Document Type


Date of Original Version



Human Development and Family Studies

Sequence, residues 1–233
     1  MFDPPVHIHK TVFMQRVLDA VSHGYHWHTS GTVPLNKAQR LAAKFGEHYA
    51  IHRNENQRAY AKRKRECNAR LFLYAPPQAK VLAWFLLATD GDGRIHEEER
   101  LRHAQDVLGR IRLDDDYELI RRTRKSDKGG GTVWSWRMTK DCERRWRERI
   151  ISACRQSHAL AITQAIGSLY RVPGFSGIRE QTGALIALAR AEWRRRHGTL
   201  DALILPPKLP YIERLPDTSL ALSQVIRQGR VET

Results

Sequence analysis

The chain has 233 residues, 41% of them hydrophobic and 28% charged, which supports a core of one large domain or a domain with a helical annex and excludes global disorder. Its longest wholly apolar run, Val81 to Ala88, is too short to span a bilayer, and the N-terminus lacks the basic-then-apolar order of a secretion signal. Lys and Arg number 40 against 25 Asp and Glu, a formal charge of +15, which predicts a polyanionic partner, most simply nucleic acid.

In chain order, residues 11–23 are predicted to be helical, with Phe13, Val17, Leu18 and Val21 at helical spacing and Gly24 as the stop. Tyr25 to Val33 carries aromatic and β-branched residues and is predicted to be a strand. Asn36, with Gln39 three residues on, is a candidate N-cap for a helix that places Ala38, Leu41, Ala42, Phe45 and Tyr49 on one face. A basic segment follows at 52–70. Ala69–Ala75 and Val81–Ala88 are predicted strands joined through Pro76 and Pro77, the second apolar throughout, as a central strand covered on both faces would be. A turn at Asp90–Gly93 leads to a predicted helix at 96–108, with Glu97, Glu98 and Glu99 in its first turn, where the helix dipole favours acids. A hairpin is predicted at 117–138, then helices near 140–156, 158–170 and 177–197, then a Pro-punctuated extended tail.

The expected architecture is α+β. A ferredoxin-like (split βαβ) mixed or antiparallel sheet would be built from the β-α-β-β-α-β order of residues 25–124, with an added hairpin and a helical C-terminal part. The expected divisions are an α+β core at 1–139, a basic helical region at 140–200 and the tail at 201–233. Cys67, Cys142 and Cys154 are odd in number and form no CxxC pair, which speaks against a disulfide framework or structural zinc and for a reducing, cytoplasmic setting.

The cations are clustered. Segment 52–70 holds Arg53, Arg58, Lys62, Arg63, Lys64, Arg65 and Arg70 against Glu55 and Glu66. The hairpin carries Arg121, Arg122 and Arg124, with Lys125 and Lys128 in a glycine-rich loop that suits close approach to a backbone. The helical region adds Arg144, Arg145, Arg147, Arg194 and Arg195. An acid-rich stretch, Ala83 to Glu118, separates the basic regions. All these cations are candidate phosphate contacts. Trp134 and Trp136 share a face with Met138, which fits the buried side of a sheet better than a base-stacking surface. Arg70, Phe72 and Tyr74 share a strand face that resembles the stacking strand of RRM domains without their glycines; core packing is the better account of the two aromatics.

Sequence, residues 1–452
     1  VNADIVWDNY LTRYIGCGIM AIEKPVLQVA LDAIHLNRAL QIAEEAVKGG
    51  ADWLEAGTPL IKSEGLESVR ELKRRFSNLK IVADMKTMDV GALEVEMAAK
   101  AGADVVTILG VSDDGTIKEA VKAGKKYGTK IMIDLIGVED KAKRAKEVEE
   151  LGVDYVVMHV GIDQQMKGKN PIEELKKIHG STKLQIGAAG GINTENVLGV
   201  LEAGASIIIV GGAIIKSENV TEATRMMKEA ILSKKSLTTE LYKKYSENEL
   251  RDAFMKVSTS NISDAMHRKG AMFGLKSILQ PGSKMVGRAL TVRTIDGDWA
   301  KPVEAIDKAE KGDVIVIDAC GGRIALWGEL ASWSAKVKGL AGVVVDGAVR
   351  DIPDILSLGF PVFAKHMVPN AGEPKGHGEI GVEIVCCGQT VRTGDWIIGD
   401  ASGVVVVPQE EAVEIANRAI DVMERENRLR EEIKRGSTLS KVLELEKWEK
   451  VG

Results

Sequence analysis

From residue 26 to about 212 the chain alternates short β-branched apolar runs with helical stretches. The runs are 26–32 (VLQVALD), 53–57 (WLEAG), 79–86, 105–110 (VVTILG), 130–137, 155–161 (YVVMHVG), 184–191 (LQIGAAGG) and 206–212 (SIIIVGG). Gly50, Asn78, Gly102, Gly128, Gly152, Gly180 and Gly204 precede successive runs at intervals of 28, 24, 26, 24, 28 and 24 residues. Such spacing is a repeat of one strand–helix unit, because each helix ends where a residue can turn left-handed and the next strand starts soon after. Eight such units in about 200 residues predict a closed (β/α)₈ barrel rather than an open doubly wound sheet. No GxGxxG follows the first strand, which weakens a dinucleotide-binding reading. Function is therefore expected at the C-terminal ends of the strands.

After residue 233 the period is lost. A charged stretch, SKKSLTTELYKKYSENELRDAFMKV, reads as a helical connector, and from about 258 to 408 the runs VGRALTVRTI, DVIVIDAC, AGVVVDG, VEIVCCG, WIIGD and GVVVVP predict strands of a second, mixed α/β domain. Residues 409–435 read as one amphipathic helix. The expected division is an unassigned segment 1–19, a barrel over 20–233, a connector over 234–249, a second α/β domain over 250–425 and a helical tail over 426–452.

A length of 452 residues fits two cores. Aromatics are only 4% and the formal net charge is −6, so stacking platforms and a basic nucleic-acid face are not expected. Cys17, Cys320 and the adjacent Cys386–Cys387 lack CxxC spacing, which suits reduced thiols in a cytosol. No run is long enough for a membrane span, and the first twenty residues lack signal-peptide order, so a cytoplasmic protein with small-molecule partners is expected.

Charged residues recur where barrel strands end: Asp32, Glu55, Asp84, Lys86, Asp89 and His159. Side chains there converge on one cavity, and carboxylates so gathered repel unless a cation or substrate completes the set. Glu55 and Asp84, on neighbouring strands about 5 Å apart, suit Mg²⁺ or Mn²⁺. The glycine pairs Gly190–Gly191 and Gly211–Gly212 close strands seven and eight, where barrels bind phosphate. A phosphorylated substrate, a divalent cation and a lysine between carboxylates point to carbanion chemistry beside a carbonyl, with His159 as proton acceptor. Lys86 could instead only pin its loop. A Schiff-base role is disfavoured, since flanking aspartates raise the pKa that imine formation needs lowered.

Children with asthma living in urban environments are at risk for experiencing anxiety by virtue of both social context and health-related stressors. Although the use of active coping strategies is generally associated with more optimal psychosocial functioning, there is evidence that active coping is less helpful in response to uncontrollable or severe stress. Expectations that one can fix a problem that is uncontrollable or insurmountable may create distress. Problem-solving efficacy was examined as a moderator of the association between stress and anxiety among children residing in inner-city neighborhoods. It was hypothesized that children's perceptions of high problem-solving efficacy would exacerbate their vulnerability to stress. Forty-five parent–child dyads were recruited from urban community health centers. Most participants were members of ethnic minority groups. Hierarchical multiple regression analyses revealed main effects of asthma-related stress and life stress on children's anxiety. However, these effects were moderated by problem-solving efficacy. Asthma-related stress and life stress were positively associated with anxiety only for children who had the highest levels of problem-solving efficacy. In other words, positive expectations about the ability to solve problems functioned as a liability for highly stressed children. Implications for psychosocial interventions with at-risk children are discussed.